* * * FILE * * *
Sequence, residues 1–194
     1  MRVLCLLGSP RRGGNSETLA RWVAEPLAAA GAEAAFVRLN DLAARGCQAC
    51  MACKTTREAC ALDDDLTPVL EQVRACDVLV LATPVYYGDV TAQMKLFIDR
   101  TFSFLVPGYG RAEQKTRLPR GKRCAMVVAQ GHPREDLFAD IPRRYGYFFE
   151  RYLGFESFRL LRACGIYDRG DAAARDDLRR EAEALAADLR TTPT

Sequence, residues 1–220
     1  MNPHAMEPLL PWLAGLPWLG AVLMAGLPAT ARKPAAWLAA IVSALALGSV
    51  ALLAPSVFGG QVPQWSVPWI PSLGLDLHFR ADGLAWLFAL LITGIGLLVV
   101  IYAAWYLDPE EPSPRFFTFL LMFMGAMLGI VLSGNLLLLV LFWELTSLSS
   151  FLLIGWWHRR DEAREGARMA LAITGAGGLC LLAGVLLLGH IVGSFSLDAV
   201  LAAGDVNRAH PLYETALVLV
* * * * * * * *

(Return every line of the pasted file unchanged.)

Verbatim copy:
Sequence, residues 1–194
     1  MRVLCLLGSP RRGGNSETLA RWVAEPLAAA GAEAAFVRLN DLAARGCQAC
    51  MACKTTREAC ALDDDLTPVL EQVRACDVLV LATPVYYGDV TAQMKLFIDR
   101  TFSFLVPGYG RAEQKTRLPR GKRCAMVVAQ GHPREDLFAD IPRRYGYFFE
   151  RYLGFESFRL LRACGIYDRG DAAARDDLRR EAEALAADLR TTPT

Sequence, residues 1–220
     1  MNPHAMEPLL PWLAGLPWLG AVLMAGLPAT ARKPAAWLAA IVSALALGSV
    51  ALLAPSVFGG QVPQWSVPWI PSLGLDLHFR ADGLAWLFAL LITGIGLLVV
   101  IYAAWYLDPE EPSPRFFTFL LMFMGAMLGI VLSGNLLLLV LFWELTSLSS
   151  FLLIGWWHRR DEAREGARMA LAITGAGGLC LLAGVLLLGH IVGSFSLDAV
   201  LAAGDVNRAH PLYETALVLV